Queen’s Brian May and Roger Taylor were in Montreux on Monday evening (December 2) for the opening of a new exhibition dedicated to the band’s long relationship with the Swiss city. During their visit, May also spoke about the forthcoming feature film based on the life and times of Freddie Mercury.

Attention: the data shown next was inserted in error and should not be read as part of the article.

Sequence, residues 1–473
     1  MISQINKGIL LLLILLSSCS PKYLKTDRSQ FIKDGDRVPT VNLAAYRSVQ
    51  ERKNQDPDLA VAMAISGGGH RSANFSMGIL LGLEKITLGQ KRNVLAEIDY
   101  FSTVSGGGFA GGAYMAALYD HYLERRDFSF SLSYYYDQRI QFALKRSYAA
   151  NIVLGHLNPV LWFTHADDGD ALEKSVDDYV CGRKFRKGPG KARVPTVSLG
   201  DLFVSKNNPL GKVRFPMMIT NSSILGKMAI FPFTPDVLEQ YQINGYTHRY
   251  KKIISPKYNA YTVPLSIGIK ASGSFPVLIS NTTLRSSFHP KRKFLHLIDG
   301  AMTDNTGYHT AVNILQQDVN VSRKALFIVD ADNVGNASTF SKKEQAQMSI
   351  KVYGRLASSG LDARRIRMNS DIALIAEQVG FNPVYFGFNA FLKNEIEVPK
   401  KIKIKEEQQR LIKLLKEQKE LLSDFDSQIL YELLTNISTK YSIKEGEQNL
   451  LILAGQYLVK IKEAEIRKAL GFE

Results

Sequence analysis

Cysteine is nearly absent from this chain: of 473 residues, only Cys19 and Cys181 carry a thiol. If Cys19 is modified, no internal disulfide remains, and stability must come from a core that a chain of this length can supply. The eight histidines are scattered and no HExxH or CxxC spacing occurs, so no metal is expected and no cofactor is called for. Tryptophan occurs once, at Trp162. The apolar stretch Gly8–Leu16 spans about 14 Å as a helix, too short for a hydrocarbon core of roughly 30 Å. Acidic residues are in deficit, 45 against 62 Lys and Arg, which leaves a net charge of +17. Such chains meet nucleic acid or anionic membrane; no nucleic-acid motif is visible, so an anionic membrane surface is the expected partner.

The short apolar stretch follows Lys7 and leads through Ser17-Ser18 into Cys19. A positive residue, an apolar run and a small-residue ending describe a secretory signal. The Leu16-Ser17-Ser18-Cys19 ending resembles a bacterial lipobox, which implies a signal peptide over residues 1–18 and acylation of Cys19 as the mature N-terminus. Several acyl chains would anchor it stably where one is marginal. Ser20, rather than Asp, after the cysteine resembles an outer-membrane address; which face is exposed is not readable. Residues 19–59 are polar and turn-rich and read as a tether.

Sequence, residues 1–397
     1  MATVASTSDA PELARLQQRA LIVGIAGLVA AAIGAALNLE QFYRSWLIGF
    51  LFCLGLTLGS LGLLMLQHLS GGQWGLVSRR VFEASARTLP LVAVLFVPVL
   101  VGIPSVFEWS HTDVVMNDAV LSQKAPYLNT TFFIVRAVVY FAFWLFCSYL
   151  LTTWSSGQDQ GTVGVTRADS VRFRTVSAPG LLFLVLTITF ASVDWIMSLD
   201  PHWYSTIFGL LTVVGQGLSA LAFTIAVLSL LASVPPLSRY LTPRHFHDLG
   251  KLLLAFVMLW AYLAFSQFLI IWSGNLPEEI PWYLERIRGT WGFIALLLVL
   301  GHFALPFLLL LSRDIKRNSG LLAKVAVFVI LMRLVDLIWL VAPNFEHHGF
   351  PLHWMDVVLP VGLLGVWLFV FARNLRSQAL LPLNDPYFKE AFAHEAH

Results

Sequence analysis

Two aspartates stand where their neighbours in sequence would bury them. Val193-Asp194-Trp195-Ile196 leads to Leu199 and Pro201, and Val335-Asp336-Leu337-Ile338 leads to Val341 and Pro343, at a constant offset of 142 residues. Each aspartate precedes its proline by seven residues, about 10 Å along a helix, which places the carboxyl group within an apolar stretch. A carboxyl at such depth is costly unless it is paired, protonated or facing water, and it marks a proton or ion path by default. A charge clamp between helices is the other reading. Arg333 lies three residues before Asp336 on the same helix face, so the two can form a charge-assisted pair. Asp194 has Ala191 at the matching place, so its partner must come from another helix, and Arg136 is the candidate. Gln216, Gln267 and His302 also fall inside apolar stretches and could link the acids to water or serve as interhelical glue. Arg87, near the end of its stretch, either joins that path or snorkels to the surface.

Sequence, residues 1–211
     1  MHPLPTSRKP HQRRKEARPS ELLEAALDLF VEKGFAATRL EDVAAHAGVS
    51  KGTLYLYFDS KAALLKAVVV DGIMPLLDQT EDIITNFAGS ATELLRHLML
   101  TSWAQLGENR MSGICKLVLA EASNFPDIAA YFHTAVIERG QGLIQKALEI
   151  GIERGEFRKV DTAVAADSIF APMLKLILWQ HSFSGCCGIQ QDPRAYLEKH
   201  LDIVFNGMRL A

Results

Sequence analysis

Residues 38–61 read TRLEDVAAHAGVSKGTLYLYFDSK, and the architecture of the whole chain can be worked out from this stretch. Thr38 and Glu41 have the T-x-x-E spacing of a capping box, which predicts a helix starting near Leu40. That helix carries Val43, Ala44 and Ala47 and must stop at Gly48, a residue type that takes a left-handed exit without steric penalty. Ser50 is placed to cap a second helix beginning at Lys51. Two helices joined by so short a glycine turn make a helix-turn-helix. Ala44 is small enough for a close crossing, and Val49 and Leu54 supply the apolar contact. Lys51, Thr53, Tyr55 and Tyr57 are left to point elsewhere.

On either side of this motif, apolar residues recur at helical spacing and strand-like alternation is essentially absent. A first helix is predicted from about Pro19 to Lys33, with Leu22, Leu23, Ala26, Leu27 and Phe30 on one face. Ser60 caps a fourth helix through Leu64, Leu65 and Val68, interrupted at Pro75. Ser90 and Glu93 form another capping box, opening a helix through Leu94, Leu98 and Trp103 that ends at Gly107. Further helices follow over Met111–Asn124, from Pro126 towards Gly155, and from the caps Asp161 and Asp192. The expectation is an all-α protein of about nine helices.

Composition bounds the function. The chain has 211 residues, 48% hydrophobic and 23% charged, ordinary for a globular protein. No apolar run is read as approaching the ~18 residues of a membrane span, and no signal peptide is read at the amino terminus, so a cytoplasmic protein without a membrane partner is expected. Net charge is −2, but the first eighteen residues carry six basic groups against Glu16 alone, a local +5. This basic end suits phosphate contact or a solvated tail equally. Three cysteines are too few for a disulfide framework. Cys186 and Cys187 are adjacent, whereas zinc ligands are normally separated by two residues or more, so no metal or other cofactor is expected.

Queen: The Studio Experience focuses on their long history in Montreux, where they worked at Mountain Studios and created six albums between 1979 and 1995. The exhibition includes a wealth of Queen memorabilia, costumes, instruments, original handwritten lyrics to songs such as One Vision and Tie Your Mother Down, and other artefacts.It also contains a small cinema and, as the centrepiece, the original control room of the studio, in which fans can sit at the desk and work the faders to create their own mixes from the master tapes of Made In Heaven and Mother Love, the last vocal take recorded by Mercury before his death from AIDS in 1991.The exhibition, sponsored by the Fondation Barrier, is free to enter but encourages donations in support of the Mercury Phoenix Trust that was subsequently set up by Queen and manager Jim Beach. “Montreux holds many memories for us, mostly good, some gastronomic, some musical, some alcoholic,” said Taylor. “We’ve just seen the exhibition, and we feel very honoured. We hope it will be part of the many attractions of this beautiful part of Switzerland.” Brian May spoke about seeing the exhibition for the first time. “It’s very strange for Roger and I to walk in here and see the place somehow tantalisingly real, like it used to be,” he said. “The biggest shock for me was seeing the casino downstairs, which really is a casino now. That’s where we set up all our gear. It’s full of slot machines now. “Everybody’s saying to me, why Montreux? It’s a very beautiful place and it was very inspiring to us, I think particularly to Freddie in his last days. It’s also been a very private place for us, a place where we could be very intimate with each other. The people of Montreux have always been very welcoming and yet very discreet. They’ve never been invasive, so we do feel like we belong here, it’s like a family thing. “We came here kind of on spec, not knowing what it would be like,” continued May. “The first thing we did was meet [engineer and co-producer] Dave Richards, and I have to say a huge thanks to Dave because somehow he became a part of our family. He’s the biggest reason we stayed. Secondly, the whole team, [engineer] Justin Shirley-Smith was here. I was able to poach him later and take him back to England. But the whole team was fantastic for us. “I notice we give lots of completely contradictory advice, which is typical. You have to understand, we’re like brothers, but we fight like dogs and cats. Freddie would be the first to say that. So you can get this whole atmosphere, sit there, twiddle the buttons, and join our family. We hope this exhibition brings us closer to Montreux.” May also gave an update on the progress of the Mercury film. Close to the exhibition and the city’s famous waterfront, a statue of Mercury looks out, arm raised, on to Lake Geneva.As they enter the exhibition, visitors are soon greeted by a typically effusive quote from their former frontman. “Let’s face it darlings,” says Mercury, “we’re the most preposterous band that ever lived.”